Tuesday, March 31, 2015


After late winter in Mongolia (30s) and early spring in China (60s), I arrived in Kota Kinabalu (KK), Malaysia, in the state of Sabah on the northwest coast of Borneo, to temperatures in the humid 90s. 

Checking in, I discovered that EARCOS had upgraded keynote speakers to luxurious suites - mine had a view over coconut trees of the marina and the bay! It felt as if I'd landed in paradise.

The resort complex includes two large hotels connected by a boardwalk, dotted with swimming pools, tropical gardens and flowering plants. Enormous breakfast buffets tantalized with platters of fresh papaya, pineapple, watermelon and pomelo, Malay and Indian curries, Chinese dim sum and Korean kimchi, as well as the usual Western options of cereal, eggs, and breads - everything imaginable except pork, in deference to Muslim citizens who comprise more than 60% of the population.

I presented a keynote, "Mirrors & Lenses: Exploring Racial and Cultural Identity," sharing my story as a "3rd culture kid" (TCK) growing up in Korea, interspersed with some of the latest findings I've gleaned from neuroscience on the formation of racial identity and unconscious bias.

Some 1200 teacher delegates attended the conference from 116 English-speaking international schools in 15 countries: Cambodia, China, Fiji, India, Indonesia, Japan, Laos, Malaysia, Mongolia, Myanmar, Philippines, Singapore, South Korea, Taiwan, Thailand and Vietnam.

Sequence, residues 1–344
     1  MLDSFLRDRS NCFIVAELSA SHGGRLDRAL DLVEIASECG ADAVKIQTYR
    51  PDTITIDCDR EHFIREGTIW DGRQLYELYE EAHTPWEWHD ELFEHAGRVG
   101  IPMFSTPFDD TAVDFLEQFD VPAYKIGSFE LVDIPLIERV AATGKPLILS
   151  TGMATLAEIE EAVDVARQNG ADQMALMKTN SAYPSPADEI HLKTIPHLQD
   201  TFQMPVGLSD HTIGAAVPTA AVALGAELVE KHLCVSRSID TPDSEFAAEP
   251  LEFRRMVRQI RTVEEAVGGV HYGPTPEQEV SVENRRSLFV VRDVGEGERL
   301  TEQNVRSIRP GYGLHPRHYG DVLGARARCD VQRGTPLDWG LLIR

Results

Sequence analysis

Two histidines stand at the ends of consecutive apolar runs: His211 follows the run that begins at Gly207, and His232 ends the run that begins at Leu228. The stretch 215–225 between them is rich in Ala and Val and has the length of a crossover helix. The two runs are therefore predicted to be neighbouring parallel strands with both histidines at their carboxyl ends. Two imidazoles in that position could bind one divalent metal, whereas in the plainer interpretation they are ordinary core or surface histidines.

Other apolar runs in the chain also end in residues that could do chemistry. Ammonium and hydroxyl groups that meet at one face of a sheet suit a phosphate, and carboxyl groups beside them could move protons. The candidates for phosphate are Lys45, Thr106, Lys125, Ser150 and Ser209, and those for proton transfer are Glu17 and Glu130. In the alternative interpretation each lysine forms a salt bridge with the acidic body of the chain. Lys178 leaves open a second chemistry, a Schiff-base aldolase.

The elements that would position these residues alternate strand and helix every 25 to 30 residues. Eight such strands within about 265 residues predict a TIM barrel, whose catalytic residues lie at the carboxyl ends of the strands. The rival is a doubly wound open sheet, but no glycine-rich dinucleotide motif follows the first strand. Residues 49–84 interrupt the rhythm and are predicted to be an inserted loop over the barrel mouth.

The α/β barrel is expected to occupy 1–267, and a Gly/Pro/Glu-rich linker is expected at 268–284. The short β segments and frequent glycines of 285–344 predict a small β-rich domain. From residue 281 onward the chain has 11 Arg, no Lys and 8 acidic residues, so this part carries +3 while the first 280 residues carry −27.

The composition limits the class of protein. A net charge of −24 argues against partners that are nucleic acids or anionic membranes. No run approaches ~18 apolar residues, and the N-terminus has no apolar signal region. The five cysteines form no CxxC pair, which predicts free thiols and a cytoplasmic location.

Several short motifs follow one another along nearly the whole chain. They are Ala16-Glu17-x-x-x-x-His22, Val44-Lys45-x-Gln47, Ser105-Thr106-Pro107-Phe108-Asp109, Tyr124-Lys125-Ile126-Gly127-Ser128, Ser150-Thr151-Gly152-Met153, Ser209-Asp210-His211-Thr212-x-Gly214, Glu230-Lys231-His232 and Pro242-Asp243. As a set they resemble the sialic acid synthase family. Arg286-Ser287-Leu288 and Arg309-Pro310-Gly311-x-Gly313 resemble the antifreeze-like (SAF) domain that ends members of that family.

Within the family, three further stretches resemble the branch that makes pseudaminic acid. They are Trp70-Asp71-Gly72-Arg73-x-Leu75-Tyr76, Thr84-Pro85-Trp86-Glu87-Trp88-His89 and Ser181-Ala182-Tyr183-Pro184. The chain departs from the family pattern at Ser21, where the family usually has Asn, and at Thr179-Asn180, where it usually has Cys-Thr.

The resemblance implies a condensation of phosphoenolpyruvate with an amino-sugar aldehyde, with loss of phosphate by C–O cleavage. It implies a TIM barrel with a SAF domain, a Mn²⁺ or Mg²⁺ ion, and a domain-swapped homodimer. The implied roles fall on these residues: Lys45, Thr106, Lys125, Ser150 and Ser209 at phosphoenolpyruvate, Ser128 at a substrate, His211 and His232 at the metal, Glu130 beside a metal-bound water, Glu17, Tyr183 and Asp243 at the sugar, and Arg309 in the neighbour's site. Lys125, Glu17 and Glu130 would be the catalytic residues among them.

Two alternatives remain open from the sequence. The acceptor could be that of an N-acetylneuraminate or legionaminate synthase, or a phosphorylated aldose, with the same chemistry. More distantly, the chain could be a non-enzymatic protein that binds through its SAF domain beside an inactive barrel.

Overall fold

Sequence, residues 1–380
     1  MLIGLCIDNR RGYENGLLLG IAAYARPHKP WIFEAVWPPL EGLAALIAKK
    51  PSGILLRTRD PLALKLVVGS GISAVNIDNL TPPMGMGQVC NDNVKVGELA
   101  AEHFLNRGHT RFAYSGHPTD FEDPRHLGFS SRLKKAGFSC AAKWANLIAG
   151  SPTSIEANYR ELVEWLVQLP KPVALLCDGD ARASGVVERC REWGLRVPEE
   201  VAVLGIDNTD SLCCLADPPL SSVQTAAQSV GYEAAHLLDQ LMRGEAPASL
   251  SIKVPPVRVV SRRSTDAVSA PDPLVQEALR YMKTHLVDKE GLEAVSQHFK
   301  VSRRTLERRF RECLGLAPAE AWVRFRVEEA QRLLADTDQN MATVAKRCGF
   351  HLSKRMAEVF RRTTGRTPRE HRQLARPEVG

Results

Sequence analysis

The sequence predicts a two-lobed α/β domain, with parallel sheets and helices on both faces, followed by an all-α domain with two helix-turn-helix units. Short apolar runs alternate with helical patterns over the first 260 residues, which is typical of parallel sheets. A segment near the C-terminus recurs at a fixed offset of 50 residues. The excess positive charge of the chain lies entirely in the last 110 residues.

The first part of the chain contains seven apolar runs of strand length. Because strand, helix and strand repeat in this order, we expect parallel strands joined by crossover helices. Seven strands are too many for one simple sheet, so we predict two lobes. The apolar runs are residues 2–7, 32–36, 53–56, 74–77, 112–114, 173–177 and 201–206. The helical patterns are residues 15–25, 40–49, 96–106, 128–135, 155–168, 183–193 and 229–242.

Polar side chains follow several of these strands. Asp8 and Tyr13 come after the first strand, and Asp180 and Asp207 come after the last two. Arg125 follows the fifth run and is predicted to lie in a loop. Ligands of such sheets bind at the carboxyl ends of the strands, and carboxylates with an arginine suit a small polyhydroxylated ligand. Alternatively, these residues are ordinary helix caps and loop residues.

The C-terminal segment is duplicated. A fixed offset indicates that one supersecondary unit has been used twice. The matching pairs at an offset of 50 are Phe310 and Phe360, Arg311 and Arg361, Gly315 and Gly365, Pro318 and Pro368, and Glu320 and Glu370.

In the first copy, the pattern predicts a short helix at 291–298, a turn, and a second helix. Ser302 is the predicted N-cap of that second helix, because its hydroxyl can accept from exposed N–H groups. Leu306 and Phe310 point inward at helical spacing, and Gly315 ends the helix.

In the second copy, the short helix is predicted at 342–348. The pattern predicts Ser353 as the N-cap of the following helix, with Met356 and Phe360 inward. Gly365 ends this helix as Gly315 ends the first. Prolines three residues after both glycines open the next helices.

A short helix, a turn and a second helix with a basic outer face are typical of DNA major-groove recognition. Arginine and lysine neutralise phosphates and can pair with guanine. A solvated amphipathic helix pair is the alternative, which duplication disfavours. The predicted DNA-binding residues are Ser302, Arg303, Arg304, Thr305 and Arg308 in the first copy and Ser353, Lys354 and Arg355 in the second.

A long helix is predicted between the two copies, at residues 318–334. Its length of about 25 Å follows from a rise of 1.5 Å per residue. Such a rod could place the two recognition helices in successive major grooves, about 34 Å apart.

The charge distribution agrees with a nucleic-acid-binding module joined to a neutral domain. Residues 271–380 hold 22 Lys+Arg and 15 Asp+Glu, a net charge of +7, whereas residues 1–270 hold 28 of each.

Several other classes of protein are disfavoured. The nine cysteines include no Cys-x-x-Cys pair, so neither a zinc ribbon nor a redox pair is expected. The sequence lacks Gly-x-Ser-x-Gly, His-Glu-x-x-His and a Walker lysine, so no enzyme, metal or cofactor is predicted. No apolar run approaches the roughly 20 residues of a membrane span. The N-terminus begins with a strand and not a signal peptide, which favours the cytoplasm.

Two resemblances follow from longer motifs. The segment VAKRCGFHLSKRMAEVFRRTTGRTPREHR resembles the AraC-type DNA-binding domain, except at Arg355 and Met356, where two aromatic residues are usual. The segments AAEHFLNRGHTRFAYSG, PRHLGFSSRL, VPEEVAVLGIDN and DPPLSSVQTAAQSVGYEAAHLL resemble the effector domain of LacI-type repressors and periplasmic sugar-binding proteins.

It was great to reconnect with teacher and librarian friends I'd made on previous author visits to Seoul Foreign School (my alma mater), Shanghai American School and Brent International School in the Philippines, to make new friends - what fascinating stories these teachers have! - and to have exciting conversations about the possibility of author visits to other schools. I also got to catch up with Peaks Island neighbor and author Laima Sruoginis, who's spent the last two years teaching high school English at the American International School of Hong Kong.

Teachers enjoyed taking photos with the visiting author to show to their students.

The conference schedule was packed, so I didn't get a chance to discover the wonders of Sabah, from Mount Kinabalu to tropical rain forests to snorkeling off islands, but a group of us did get to downtown KK for dinner and souvenir shopping: painted masks, sarongs, batik, percussion instruments, and other beautiful crafts.

L to R: With new teacher friends Holly Blair (art teacher in Hong Kong, orig. from Canada); Paulina Cuevas (counselor in China, orig. from Chile); Florence Flesche (5th grade teacher in Hong Kong, orig. from Hong Kong and California).

Browsing with Holly (center) and Lukas Berredo (gender identity advocate & educator in China, orig. from Brazil).

 This area of downtown Kota Kinabalu, selling clothing, souvenirs and food, is called the "Filipino Market."

Laima with pineapple fried rice, at a Thai restaurant on the harbor.

On the last day, there was time for pina coladas by the pool bar and a sunset over the bay, before the closing reception.

L to R: Susan Keller-Mathers and Heather Maldonado of SUNY Buffalo State 
(offered course credit for conference hours, sponsor of my keynote); Paulina 

What a wonderful close to a spectacular trip!

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